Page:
Yesterday Mahumapelo announced his resignation as premier of the troubled platinum province, now under the control of the national government through section 100 of the constitution, following allegations of corruption and poor governance linked to him.
The spokesperson for the Revolutionary Council, an ANC faction which led the campaign against Mahumapelo, Thato Magogodi, said the group would now set its sights on disbanding the party’s provincial executive committee led by Mahumapelo. “The problems within the PEC are a manifestation of what is happening in the ANC. We don’t care about the threats against us."
At the ANC’s Luthuli House, flanked by ANC secretary-general Ace Magashule and deputy secretary-general Jessie Duarte, Mahumapelo vowed that the ANC would target those who violently campaigned for him to be ousted.
“That is nothing but counter-revolution and, when it rears its head, revolutionaries must rise to the occasion and thwart the counter-revolution,” he said.
Apart from stepping down to avoid being accused of using his office to protect himself from the ongoing investigations that implicated him, he was also avoiding accusations that he is targeting those who helped push him out using his government post, he said.
"We will have to use the might of the organisation to attend to this counter-revolution. If I continue to stay as premier when some counter-revolutionaries are embedded in a programme disguised as the revolutionary council I will also be accused of using my position in government for self-defence,” he said.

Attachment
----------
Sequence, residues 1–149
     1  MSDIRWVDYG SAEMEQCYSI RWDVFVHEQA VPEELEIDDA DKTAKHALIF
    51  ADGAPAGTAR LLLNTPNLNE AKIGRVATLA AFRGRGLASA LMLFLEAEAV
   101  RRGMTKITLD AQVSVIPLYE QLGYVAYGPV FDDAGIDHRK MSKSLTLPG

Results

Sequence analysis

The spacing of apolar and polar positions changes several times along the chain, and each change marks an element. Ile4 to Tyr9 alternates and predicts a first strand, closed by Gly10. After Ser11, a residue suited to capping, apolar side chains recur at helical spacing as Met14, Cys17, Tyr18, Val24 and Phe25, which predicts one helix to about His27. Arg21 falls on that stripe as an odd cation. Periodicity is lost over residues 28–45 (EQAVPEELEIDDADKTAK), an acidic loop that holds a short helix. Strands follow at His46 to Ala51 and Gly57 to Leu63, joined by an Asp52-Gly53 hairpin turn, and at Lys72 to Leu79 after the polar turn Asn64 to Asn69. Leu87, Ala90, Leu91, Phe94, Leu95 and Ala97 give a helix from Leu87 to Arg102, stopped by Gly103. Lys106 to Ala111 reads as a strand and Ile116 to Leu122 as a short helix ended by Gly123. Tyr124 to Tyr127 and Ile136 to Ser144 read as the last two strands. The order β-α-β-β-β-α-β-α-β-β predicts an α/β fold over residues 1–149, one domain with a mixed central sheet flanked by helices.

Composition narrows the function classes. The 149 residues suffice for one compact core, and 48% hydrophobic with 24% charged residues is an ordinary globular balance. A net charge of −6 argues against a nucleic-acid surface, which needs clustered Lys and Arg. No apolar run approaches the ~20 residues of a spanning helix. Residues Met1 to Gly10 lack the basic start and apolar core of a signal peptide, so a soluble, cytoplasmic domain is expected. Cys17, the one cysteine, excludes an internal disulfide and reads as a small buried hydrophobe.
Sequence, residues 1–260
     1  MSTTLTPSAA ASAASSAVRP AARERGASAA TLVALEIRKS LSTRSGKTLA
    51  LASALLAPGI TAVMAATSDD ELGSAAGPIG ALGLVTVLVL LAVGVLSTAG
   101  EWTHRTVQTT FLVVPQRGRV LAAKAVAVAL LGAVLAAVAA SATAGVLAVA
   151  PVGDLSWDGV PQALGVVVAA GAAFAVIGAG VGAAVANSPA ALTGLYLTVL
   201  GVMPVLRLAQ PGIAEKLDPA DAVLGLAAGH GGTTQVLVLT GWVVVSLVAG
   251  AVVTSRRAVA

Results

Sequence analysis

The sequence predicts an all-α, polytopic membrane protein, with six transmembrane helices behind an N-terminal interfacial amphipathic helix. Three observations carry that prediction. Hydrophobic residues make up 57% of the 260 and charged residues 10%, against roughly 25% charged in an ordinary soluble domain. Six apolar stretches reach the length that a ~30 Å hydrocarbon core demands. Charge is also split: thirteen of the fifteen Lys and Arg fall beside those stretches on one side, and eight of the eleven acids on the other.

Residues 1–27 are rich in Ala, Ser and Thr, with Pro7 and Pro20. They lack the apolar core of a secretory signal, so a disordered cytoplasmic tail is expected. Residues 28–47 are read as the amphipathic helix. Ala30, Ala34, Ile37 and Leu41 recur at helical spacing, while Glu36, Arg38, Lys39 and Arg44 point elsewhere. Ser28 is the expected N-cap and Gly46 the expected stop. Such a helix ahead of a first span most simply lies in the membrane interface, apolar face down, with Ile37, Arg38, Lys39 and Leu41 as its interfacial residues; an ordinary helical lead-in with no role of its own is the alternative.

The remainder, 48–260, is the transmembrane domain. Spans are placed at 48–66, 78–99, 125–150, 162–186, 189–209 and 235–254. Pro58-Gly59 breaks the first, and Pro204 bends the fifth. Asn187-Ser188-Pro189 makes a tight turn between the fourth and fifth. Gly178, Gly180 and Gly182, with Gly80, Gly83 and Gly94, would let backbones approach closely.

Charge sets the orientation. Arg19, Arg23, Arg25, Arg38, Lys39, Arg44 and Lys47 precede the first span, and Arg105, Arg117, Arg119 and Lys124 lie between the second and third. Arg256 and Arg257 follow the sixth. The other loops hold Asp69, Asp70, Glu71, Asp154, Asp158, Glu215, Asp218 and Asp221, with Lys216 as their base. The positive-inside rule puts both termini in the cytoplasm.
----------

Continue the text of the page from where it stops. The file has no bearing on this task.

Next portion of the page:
Duarte said the ANC’s national top brass would dissuade Mahumapelo’s PEC against targeting those who had raised objections against him.
“We are going to encourage the leadership in the North West province to accept that issues have been raised, 101b (section 100 (1) b) has been put in place. It's time to move forward,” Duarte said.
Mahumapelo’s decision to resign saved him from his possible ceremonial removal by the ANC’s national executive committee, which is meeting at the weekend.
Opposition parties and alliance partners in the North West welcomed his removal.
Mahumapelo has complained that the push for his removal was part of a plan to purge those who supported Nkosazana Dlamini Zuma when she vied with Cyril Ramaphosa for the ANC presidency.
Both Duarte and Magashule were among ANC leaders who threw their weight behind Dlamini Zuma but they disputed Mahumapelo’s claim that there was a purge against them. Magashule said: “There is no purge.”
Magashule said the NEC would decide on Mahumapelo’s replacement at the weekend.